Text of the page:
While recently there have been some doubts expressed by Mathieson et al. (2017) on the of the steppe hypothesis regarding Proto-Anatolian, it is likely that the lack of enough ancient DNA of the Balkans and Anatolia is the key factor here.

An interesting linguistic proposal, the glottalic theory, while sound in its assumptions and results – much less likely in my opinion than the more common two-dorsal theory, and this much more likely than the prevalent three-dorsal one – gave some theoretical support to the Anatolian (or Armenian) hypothesis, since some proponents felt that a glottalic Proto-Indo-European should have an origin near to the Armenian homeland – because glottalic Proto-Armenian would have retained a phonetic state nearer to the “original” Proto-Indo-European.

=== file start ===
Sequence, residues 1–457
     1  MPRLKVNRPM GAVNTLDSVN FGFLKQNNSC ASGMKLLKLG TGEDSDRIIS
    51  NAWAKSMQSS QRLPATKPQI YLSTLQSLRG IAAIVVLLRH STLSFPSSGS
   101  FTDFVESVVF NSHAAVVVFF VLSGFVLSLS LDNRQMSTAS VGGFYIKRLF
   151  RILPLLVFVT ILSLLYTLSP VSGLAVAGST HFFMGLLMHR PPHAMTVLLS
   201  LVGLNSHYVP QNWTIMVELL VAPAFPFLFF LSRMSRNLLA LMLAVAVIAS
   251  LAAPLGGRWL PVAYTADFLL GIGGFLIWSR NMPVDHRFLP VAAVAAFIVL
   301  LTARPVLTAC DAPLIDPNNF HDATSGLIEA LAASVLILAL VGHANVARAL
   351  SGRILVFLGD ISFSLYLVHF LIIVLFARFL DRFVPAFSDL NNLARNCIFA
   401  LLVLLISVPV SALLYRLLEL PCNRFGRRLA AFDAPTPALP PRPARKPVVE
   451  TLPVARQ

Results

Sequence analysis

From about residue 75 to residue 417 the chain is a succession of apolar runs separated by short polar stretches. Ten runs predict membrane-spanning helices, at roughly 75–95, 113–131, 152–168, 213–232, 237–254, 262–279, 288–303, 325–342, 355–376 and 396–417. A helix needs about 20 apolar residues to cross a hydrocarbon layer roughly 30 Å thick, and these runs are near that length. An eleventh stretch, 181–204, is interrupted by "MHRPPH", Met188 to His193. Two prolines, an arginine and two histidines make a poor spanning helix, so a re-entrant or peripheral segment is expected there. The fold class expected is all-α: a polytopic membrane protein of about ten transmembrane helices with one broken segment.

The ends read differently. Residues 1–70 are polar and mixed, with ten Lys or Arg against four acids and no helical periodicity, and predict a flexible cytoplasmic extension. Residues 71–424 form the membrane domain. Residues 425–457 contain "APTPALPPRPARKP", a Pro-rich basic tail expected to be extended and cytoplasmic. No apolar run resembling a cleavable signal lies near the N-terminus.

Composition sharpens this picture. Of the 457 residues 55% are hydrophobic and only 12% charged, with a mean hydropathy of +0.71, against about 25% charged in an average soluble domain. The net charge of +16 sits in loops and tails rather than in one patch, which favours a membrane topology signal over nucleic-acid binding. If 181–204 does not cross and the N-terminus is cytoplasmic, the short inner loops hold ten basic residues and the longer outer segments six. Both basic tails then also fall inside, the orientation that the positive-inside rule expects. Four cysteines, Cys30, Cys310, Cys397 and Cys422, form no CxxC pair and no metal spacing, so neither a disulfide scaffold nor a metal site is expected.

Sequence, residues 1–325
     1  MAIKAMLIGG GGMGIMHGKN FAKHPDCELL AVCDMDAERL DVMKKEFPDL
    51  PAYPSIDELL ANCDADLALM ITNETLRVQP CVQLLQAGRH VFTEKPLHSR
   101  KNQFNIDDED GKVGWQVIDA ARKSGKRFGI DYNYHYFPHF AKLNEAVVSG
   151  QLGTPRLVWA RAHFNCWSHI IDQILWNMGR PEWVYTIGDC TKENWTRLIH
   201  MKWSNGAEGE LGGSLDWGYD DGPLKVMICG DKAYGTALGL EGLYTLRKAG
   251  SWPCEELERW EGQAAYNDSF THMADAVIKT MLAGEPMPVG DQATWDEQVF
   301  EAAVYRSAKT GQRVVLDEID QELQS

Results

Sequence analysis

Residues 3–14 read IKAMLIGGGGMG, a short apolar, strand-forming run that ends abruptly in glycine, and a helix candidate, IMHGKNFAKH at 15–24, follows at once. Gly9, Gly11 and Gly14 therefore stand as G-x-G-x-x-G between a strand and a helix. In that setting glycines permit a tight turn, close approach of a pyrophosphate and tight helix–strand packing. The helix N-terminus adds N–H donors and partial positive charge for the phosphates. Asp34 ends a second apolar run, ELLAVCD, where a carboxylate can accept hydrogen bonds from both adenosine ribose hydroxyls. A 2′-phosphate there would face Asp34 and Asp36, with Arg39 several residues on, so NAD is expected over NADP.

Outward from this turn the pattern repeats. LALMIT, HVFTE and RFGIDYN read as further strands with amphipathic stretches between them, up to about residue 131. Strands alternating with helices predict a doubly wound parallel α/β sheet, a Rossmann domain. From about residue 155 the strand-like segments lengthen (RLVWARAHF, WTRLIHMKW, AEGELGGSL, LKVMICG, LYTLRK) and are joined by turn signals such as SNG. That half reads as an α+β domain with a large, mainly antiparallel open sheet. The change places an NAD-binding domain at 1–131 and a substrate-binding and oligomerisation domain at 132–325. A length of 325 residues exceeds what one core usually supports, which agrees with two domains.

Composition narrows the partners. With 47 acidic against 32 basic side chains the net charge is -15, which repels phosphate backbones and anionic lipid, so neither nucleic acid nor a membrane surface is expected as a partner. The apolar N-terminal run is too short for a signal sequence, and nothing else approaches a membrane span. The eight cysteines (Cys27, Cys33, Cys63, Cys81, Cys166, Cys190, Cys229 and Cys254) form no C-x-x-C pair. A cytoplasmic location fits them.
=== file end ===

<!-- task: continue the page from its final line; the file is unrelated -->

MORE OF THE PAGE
That simplistic regional continuity explanation is akin to the trend of Basque researchers to discover links of Proto-Basque with the Pyrenees in Mesolithic and Palaeolithic times, when there is no data to warrant such identifications – and it seems in fact that Proto-Basque, Proto-Iberian, and Palaeo-Sardinian might have accompanied the expansion of farming in the Neolithic. Probably most proponents left of the Glottalic theory today (like Frederik Kortlandt and Alan Bomhard) would accept a steppe migration unrelated to an Armenian or Anatolian origin.

Marginal proposals

There were indeed other marginal proposals, with people supporting origins of Proto-Indo-European in both ends of the current distribution of Indo-European languages, from the “Indo-” in Out of India theories, to the “-European” in Eurocentric proposals. Most Eurocentric proposals – based on certain archaeological cultures and their evolution in- and outside Europe – have been dismissed with archaeological and genetic research, and the remaining ones usually favour the more fashionable peaceful spread of languages.

Palaeolithic Continuity Theory